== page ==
Excel: Annuity Calculations

Annuities are fixed payments over a period of time. In financial models, annuities are especially relevant to modelling interest and redemption payments for loans, bonds or leasing contracts.

For the calculation of an annuity, these are the required inputs:

  • The loan interest rate per period and the total number of periods. It is important to distinguish here between nominal and effective interest rates. Interest rates are usually given as nominal annual interest rate, but compounded semi-annually, quarterly or (as is the case with most mortgages) monthly. A 12 % per year nominal interest rate, compounded semi-annually, would mean 6 % every 6 months, resulting in a 12.36 % effective annual rate.
  • The present value. When modelling a loan from a borrowers perspective, this will usually be the loan's principal amount.

  • The future value of the annuity. When modelling a loan from a borrowers perspective, this will usually be 0 (zero).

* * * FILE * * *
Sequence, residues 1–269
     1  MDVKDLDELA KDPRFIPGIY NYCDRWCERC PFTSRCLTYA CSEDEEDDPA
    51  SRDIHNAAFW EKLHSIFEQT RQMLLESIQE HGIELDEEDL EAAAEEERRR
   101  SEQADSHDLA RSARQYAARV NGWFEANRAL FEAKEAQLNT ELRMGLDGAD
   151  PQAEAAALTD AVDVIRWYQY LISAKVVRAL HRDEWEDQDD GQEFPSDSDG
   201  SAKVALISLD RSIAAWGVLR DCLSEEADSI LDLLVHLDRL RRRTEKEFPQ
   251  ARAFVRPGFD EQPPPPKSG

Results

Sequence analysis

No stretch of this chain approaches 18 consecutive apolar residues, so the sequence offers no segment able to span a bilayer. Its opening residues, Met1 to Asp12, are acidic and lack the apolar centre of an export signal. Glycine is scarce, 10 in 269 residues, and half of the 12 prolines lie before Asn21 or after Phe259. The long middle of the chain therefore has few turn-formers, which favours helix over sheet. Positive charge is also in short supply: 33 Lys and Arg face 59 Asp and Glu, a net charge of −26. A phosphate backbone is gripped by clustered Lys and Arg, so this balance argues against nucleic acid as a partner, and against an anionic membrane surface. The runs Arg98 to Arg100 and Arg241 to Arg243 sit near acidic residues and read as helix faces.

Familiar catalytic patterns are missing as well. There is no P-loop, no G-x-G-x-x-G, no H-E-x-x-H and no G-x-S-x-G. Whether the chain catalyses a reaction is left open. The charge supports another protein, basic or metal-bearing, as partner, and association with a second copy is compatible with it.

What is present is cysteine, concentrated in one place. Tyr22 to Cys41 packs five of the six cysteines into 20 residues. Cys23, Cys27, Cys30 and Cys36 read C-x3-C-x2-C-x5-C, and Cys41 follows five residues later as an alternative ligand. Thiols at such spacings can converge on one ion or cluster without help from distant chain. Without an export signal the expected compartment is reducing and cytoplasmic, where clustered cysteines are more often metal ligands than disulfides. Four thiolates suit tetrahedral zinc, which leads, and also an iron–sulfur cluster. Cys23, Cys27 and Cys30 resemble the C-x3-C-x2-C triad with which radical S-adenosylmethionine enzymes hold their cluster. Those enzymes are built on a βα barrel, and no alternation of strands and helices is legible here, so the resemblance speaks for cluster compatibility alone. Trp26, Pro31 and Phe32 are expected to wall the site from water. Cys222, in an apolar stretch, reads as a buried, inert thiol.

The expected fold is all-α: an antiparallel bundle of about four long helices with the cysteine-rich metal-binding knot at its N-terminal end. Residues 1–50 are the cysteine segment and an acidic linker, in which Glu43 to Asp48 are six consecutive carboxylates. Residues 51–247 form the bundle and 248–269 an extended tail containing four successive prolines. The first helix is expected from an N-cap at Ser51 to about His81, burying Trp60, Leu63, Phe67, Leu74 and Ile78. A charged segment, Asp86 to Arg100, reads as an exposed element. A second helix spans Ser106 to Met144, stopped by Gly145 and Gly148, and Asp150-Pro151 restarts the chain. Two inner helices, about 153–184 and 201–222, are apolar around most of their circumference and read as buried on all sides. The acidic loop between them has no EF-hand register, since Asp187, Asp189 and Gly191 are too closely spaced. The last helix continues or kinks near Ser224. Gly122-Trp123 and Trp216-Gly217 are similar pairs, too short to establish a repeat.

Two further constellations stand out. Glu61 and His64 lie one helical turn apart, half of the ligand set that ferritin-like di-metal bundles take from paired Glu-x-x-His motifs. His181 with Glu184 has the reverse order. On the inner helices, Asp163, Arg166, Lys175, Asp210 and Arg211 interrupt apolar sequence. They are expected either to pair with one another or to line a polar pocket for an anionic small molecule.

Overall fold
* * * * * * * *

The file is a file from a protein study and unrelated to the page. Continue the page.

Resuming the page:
• Payment timing: Usually, payments are assumed at the end of a period - called an "ordinary annuity". Sometimes, annuities are due at the beginning of a period, then called "annuity due".

In Excel, PMT ("payment") is the formula that returns the total amount of the annuity based on the inputs in the list above. PPMT ("principal payment") returns the amount of the loan repayment for a specific period, whereas IPMT ("interest payment") returns the interest payment. The sum of PPMT and IPMT, naturally, is the same as the result of PMT.

The following screenshot shows how to apply PMT, PPMT and IPMT:

Excel: Annuities
Excel: Annuities

The diagram below shows the typical evolution of an annuity: At first, interest payments are high, and the amount of principal paid back is low. Towards the end of the loan, the weights change. Home-owners with mortgages will be familiar with this development.

Excel: Development of an annuity over time
Excel: Development of an annuity over time

Excel is a very flexible tool for annuity calculations: Instead of calculating the amount of an annuity, you can solve the problem for any other variable. For example, if you know a company can afford a fixed amount of loan payments (i.e. the annuity) over a fixed amount of time, you could derive the possible amount of money the company could borrow, and so on. The relevant functions are PV (solves for the present value), FV (the future value), NPER (the number of periods), and RATE (the interest rate).

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